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Bad Breath (Halitosis): Causes, Diagnosis, and Treatment

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Chronic bad breath, which is sometimes called halitosis, is often a sign of poor dental hygiene or dry mouth. The condition may also be a sign of a more serious mouth disease or an illness in another part of your body, including gastric reflux, diabetes, kidney disease and liver disease.

bad breath

What are the causes and symptoms of bad breath?

  • Poor hygiene - This is the most common cause of bad breath. When food particles are stuck between your teeth or elsewhere in your mouth, they get broken down by bacteria that grow there. That process releases a foul smell. The bacteria can also cause tooth decay and gum disease. Brushing your teeth and tongue and flossing help to remove the food residue and control the bacteria.
  • Dry mouth - Saliva helps to wash your mouth, so if your body isn’t making enough saliva, your breath can smell bad. Smoking can cause dry mouth and also increases the possibility of gum disease. Certain medications can cause your mouth to be dry.
  • Cancer in your mouth, or between your nose and your mouth - Other symptoms of oral or oropharyngeal cancer (the oropharynx is between your nose and mouth) include sores that don’t heal, mouth pain, difficulty swallowing, a lump in your neck and unexplained weight loss.
  • Gastroesophageal reflux disease (GERD) - This is a digestive disorder in which stomach acid or fluids leak back into the esophagus, the tube that takes food from your mouth to your stomach.
  • Tonsil stones - When food gets stuck in your tonsils, which are at the back of your mouth on both sides, it sometimes hardens into calcium deposits called tonsil stones or tonsilloliths.
  • Gum disease - Gingivitis is an inflammation of the gums that can cause them to be red, swollen and bleed easily. It is caused by plaque, a sticky film that builds on your teeth and can be removed by brushing and flossing. Trench mouth is an advanced form of gingivitis that can involve intense pain, bleeding, fever and fatigue. (It’s called “trench mouth” because it was a common illness for soldiers in the trenches during World War I.) Untreated gingivitis can lead to periodontitis, which damages gum tissue and can lead to tooth and bone loss around the teeth.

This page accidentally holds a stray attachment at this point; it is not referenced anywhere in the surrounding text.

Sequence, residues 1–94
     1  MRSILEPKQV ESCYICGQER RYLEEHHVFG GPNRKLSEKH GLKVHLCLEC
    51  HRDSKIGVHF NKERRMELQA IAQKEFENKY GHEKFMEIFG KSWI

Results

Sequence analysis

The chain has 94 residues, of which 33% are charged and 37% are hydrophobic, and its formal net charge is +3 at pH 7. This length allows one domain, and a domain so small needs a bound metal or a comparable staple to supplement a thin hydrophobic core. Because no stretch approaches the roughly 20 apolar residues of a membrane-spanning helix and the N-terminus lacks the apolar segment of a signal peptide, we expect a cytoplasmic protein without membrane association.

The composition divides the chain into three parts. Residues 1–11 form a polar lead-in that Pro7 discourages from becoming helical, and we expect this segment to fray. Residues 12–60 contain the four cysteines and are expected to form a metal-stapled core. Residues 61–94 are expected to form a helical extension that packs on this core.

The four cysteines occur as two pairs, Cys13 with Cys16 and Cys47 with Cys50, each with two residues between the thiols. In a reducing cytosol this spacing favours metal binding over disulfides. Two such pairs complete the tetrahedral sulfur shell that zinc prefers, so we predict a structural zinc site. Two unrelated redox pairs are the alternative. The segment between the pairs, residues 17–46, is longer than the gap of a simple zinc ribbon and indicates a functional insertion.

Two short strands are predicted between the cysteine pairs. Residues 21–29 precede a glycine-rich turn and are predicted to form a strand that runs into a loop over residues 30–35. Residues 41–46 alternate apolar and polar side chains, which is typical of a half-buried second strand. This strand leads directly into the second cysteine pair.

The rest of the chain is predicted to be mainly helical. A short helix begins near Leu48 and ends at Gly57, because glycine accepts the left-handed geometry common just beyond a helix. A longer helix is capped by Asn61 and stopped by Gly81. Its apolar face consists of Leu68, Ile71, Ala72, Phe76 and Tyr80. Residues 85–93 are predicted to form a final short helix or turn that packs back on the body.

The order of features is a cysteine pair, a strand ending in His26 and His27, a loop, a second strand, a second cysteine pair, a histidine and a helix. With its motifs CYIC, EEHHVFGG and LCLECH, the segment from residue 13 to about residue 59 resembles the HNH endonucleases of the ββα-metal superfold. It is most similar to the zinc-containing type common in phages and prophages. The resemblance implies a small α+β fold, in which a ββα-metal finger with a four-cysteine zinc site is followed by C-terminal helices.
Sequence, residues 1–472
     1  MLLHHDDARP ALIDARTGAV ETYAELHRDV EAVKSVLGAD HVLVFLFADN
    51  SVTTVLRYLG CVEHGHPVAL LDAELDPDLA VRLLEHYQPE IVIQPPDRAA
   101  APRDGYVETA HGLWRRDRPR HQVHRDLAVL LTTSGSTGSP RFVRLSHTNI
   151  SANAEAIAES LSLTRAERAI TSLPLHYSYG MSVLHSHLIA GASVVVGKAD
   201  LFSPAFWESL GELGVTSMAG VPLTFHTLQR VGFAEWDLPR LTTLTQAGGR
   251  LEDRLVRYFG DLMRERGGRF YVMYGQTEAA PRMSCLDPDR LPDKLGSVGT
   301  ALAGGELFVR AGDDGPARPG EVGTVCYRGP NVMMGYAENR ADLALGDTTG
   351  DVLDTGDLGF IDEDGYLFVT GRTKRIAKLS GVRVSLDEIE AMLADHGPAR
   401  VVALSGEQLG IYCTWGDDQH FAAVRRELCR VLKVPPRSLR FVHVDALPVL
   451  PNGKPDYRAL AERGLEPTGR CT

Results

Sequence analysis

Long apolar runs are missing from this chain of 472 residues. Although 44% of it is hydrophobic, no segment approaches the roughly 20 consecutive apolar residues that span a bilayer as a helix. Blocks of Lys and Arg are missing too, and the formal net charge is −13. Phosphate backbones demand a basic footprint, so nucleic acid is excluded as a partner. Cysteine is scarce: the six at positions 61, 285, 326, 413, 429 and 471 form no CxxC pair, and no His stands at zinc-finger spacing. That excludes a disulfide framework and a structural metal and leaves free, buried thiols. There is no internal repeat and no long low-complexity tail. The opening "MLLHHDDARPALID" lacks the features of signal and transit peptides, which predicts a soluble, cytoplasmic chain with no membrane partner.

• Infections in the nose, throat or lungs - Patients with pneumonia, for example, cough up liquid that smells bad.
  • Diabetes - People with diabetes have an increased risk of gum disease, and gum disease can make it harder to control diabetes because it can increase blood sugar.
  • Liver disease or kidney disease - These can lead to bad breath because of the smell of toxic substances that would be filtered out of your body by properly functioning kidneys or liver.
  • Sjögren’s syndrome - This is an autoimmune disease that can lead to dry mouth, dry eyes and dry skin, as well as muscle pain.

What can be done to prevent or control bad breath?

  • Brush twice a day, for at least 2 minutes each time, and floss once a day. Remember to clean your tongue with your brush, or ideally, a tongue scraper, available at drug stores.
  • Use antibacterial mouthwash.
  • See your dentist regularly, every 6 months, for checkups and to have your teeth and mouth professionally cleaned.
  • Drink a lot of water to help prevent dry mouth.
  • Boost the production of saliva by using sugar-free chewing gum, sucking on sugar-free candy, or eating healthy foods that require a lot of chewing. Your dentist might recommend or prescribe products that can produce artificial saliva or help your body produce saliva. Salagen® is one prescription drug for this purpose. Evoxac® is another that is used for patients who have Sjögren’s syndrome.
  • Avoid alcohol, caffeine and tobacco products because they can dry out your mouth.

What is the best technique for brushing teeth?

  • Use a soft toothbrush of a size and shape that allows you to reach all areas of your mouth.
  • Replace that toothbrush at least every 3 or 4 months – more often if it looks worn.
  • Hold the brush at a 45-degree angle to the gums and use short strokes, about the width of a tooth. Make sure you get to the outside, inside and top of each tooth.
  • Don’t press down hard on the brush. That is hard on your gums, and the brush won’t work as well if the bristles are flattened against your teeth.

What is the best technique for flossing?

Break off about 18 inches of floss and wrap it around your middle fingers. Use your thumbs and forefingers to hold the floss tightly so there is an inch or two of it between your fingers. Guide that middle section between teeth and rub gently, wrapping it around the sides of your teeth. If you haven’t been flossing, there might be some discomfort for the first few days, but that should go away.

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